Wednesday, May 04, 2011


1962. I am in the eighth grade. Mom dropped me off one morning in the tiny Atkinson parking lot, on a warm Spring Portlandia day. I strode in my black low top converse and white socks toward the school door, and suddenly, I saw, to the right, our grade school principal, the perky and respectable Mr. Petersen, whom my mother spoke highly of. Mr. Peterson stood around 6’ tall and had a big brown styin’ haircut. “Well, Ric!”, he spoke as I passed, “just a second.” Mr. Petersen locked his car door and walked toward me, with a warm smile. “I want to talk to you Ric”, he spoke. “So it’s almost time for graduation, Ric,” Mr. P said, and stuck his hand out to shake mine, white guy style. “Ric, you’re a great kid, and it has been a real pleasure and honor being your principal these past years. Now you’re going off to high school, and you are really gonna make your mark up there. I just bet a day will come when I will hear that you are the student body president of that high school! So let’s get our day started shall we?" We walked into the school his arm over my shoulder, very warm and encouraging but not weird at all. I felt special.

So I go to high school, and I did become the vice president of the senior class, and I did run for class president once, but I was sick in the hospital, no kidding, when running for office speeches were given, and lost. But the other guy was gonna win anyway cuz he was more popular and also had the mo.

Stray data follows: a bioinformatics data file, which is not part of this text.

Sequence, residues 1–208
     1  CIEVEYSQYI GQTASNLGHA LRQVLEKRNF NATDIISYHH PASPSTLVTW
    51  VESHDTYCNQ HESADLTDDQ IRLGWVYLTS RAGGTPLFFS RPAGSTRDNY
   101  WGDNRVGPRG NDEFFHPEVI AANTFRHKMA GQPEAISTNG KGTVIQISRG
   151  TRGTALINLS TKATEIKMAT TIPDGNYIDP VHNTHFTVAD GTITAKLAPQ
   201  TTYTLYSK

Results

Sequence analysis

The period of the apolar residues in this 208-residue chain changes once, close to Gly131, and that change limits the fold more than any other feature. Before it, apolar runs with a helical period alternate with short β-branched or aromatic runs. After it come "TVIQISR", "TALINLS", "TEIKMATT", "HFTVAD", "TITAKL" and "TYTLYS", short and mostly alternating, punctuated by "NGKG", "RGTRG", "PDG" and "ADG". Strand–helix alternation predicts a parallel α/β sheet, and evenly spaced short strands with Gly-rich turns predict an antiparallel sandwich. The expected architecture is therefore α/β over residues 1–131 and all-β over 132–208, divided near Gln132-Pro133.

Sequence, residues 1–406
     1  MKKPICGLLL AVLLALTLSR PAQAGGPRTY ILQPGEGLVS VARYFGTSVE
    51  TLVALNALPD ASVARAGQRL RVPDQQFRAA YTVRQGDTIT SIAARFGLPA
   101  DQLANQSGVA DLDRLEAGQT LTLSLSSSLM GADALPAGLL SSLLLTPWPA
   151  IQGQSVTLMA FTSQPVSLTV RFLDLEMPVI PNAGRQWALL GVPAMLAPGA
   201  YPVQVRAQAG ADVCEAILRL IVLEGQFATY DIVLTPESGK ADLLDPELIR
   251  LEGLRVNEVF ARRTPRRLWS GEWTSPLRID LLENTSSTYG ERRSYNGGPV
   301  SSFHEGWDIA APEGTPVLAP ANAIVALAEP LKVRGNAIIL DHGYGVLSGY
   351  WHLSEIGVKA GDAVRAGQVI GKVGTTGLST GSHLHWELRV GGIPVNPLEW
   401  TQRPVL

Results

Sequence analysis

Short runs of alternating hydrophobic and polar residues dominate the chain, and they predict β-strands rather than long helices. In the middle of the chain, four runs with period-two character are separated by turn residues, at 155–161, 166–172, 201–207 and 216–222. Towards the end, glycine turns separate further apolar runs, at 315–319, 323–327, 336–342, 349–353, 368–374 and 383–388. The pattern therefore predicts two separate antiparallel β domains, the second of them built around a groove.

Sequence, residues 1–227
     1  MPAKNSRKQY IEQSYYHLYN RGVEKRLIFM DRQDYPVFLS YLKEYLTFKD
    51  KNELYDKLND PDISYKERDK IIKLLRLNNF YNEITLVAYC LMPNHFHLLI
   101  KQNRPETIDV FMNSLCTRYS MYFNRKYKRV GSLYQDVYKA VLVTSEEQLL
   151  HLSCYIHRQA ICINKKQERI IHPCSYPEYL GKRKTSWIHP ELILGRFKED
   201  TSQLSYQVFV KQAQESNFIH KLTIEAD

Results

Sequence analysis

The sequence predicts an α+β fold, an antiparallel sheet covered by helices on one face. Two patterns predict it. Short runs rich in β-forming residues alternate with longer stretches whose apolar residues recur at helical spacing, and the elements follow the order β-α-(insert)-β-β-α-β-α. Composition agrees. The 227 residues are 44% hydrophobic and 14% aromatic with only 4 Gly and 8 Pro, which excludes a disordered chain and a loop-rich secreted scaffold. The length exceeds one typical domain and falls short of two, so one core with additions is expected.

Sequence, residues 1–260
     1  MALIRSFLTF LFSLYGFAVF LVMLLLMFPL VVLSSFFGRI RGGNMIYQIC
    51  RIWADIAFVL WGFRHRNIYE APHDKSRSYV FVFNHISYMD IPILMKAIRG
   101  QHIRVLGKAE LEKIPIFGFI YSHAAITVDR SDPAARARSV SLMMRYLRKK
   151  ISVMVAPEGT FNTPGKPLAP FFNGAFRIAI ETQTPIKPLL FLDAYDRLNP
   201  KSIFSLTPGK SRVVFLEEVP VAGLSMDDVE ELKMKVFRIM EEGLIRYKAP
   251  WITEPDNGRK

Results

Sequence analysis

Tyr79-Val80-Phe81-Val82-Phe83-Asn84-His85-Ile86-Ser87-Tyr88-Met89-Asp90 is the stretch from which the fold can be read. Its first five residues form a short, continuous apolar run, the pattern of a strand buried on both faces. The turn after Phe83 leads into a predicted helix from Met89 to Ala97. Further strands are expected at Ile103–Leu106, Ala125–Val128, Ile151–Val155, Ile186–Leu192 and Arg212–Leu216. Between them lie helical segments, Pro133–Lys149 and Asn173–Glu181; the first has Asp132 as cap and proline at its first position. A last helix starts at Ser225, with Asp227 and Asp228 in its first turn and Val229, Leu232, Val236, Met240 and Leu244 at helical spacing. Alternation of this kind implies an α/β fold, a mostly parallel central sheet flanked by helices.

And during high school I was president of a YMCA high school club named KNIGHTZ, which I had joined almost like one joins a fraternity. I was elected president of KNIGHTZ by my peers, so I did spend some time runnin’ shit. But what I was thinking about tonight was, that each letter in KNIGHTZ stood for something. Kindness. Nobility. I cant remember. (maybe intitiative) Generosity. Humility. Tolerance. Zeal. I was driving down the road and I suddenly thought, geez, if everyone would just drive kindly, generously, with tolerance, there wouldn’t be any wrecks. Or way less, he said to the skeptics. And these words have rung true in my ears all these years, and I believe I have held these values up in my mind, and thought of them as something to live up to. Crazy. But striving to be in “KNIGHTZ, to be a member, turns out to be a really good thing. And Mr. Peterson’s kindness! Wow. What a star, makin’ a kid feel good about himself.

So I’m just sayin’ this stuff cuz it just reminds me to be kind, and generous, and tolerant, and to be nice to the kids and take a minute to tell them they’re great. I mean, so they don’t turn into Crabby Appleton. Mr. Petersen, Yo! The words you said to me that day, I dunno, I can’t remember exactly how it went. But I remember your eyes, and I remember that you told me I was doin’ good. I have remembered that moment and attempted to live up to your expectations all my life. Good move.

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